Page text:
My academic training has enabled me, in my professional life, to question assumptions about what constitutes areas worthy of scholarly investigation and thought, and who is represented within academe, along with the power structures that support and withhold advancement. In more personal terms, my interest in biography, women’s studies, and feminist theory has taught me to see myself through the filters of race, ethnicity, class, and gender and to examine how they interact with one another—and to peel back and finally strip the layers of so-called normalcy.
So identity and ethnicity are subjects I have long contemplated. But they have seized even more of my attention over the past two years, since Pitzer was informed by legal counsel that our current faculty-search policies had to be changed because the institution had achieved gender parity and a racial diversity of 40 percent. We were told that the college could no longer demonstrate "redress" for the purposes of affirmative action, and that therefore new practices had to be enacted.
This has led to extensive dialogue about the legal definition of affirmative action; and the historical constructions of race, gender, and ethnicity. In a faculty email exchange in 2012, a professor wondered if I understood that I had been endorsed by the faculty for my initial hire only "due to gender (and white racial) ‘preference.’ "
Against this backdrop, I have been thinking about my personal history. For most of my life, I have felt as though I am a historical blank, wandering in an epistemological wilderness, since many distinguishing aspects of my past and origin were unknown. That blankness has been reinforced over the years by assumptions made on the basis of my physical appearance.
Early on, guided by my father’s values, I decided that what held the greatest meaning for me, what most helped me give order to my identity chaos, was work. Marlow in Heart of Darkness was speaking to me: "I like what is in work—the chance to find yourself. Your own reality—for yourself, not for others."
I’ve spent most of my life finding succor in teaching, scholarship, and administration, a welcome distraction from facing personal questions that pose huge emotional risks and for which there are no easy answers. I was born during a cruel time for the adopted; the 1960s was an era when such transactions were considered "closed," and basic information was routinely and legally withheld. And yet I cannot escape or pretend to ignore my past. It walks with me every day.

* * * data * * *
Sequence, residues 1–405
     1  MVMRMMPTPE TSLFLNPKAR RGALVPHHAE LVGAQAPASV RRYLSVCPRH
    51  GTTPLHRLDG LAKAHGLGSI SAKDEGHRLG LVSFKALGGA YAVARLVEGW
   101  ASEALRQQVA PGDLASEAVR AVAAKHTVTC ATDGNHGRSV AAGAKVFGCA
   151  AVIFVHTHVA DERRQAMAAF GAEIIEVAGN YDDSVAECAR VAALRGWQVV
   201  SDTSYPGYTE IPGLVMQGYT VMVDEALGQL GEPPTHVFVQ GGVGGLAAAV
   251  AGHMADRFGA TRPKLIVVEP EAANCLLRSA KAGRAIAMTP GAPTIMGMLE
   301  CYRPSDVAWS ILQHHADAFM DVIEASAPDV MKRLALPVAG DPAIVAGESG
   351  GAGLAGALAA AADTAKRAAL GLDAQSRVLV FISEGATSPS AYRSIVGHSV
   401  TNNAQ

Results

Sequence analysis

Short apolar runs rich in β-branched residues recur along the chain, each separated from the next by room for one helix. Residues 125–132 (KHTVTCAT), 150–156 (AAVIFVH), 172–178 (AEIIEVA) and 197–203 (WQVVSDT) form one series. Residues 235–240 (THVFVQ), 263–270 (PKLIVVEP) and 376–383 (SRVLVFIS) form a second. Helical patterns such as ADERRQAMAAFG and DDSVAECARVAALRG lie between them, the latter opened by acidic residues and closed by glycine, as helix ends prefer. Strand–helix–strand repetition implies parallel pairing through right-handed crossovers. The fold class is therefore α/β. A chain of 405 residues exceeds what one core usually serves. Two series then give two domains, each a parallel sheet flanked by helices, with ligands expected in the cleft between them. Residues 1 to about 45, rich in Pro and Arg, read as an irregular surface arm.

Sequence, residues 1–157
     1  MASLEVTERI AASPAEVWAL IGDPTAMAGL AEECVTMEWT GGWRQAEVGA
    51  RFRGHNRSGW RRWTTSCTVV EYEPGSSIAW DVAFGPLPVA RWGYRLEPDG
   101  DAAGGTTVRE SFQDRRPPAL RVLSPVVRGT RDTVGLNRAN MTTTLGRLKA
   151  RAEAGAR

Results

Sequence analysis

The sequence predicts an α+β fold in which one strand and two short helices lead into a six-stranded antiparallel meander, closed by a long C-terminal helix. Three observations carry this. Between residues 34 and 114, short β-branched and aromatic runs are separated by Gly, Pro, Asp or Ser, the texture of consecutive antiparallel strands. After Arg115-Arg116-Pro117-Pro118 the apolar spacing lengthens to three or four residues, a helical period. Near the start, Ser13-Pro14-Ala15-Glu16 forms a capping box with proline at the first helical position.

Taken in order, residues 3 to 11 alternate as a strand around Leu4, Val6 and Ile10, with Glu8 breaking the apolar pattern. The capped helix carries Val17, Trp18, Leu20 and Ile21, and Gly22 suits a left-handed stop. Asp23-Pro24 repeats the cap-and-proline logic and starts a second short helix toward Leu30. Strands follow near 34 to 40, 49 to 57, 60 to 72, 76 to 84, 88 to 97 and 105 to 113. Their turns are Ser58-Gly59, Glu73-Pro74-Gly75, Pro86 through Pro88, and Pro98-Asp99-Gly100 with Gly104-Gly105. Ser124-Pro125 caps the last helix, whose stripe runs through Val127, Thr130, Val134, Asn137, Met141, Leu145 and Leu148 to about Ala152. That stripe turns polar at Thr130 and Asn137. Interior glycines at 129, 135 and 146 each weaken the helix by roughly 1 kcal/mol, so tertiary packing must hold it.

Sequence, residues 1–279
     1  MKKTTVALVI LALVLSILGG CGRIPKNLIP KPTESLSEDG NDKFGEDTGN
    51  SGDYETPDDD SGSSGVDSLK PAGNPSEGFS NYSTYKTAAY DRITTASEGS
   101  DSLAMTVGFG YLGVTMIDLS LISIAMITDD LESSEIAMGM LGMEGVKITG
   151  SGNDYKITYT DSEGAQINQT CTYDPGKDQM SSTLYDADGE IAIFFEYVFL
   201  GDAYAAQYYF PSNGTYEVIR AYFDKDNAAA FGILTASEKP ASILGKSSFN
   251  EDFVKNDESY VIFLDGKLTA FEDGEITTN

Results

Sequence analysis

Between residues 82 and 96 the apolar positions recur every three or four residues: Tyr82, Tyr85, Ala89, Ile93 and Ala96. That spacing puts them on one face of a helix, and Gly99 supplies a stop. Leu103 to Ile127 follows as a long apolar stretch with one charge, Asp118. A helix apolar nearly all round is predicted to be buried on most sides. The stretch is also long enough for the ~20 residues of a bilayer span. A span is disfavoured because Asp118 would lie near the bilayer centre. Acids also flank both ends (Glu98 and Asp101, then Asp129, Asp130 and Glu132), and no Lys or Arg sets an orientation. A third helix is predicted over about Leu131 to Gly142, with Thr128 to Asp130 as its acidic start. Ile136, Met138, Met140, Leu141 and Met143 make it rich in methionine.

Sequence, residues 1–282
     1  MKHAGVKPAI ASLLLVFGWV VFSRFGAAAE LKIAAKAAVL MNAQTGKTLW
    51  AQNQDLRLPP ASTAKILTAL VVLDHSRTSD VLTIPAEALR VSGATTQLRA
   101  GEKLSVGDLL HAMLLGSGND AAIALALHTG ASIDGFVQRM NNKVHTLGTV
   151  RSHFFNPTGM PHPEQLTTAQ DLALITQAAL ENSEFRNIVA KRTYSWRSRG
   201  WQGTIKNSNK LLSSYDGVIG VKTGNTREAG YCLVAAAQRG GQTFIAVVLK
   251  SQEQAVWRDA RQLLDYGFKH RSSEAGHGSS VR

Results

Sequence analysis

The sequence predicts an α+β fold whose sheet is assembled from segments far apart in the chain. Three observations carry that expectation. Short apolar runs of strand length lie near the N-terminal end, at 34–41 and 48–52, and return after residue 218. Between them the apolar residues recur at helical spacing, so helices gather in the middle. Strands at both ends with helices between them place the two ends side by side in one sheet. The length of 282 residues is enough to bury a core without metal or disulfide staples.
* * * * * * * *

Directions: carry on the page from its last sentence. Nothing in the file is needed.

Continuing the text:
Living in the intellectual realm encouraged me to reject an artificial wholeness that had never felt comfortable or right to me. My scholarly work from the start has been all about deconstructing biographical portrayals of the carefully collected and presented "self." Take Mark Twain. For years I have been hell-bent on dismantling the white, Hal Holbrookian, freedom-fighter, secular-saint image that scholars and the public have embraced for so long, and instead have tried to reveal Samuel Clemens as he lived, breathed, hated, drank, and loved—all of the warring, churning, disparate parts of him that constituted his genius.
I was always acutely aware that "Twain" would have hated my work—he knew that there was safety in carefully painted portraits. He created an idealized self that he knew people would cheer: "I am not an American. I am the American," he crowed, quoting his friend Frank Fuller. For years Twain wore hand-tailored, perfectly fitted white suits, encouraging photographs wherever he went. Never was a spot allowed to stain the snowy cashmere. Twain had made himself picture-perfect.
In retrospect, I realize that my scholarly work was reflecting my own struggles with identity. As I stripped Clemens down to the person he was behind his self-created image, I would use the bits and pieces I was able to discover about myself to shred the tableaux vivants forced upon me and to figure out who I was.
My adoptive parents told me I was a "chosen child," and my father always felt that we had a special bond because he, too, was an orphan. As I went through my 20s, I became increasingly curious about the details of my birth and genealogy. Pushing aside dusty boxes in my parents’ garage, I found a legal file and contacted the adoption agency, still in business, to ask a basic question: "What was the name of the hospital where I was born?" I received a brief reply politely informing me that they would not tell me. Shaking with fury, I refused to accept a casual denial of what I deemed to be a basic human right.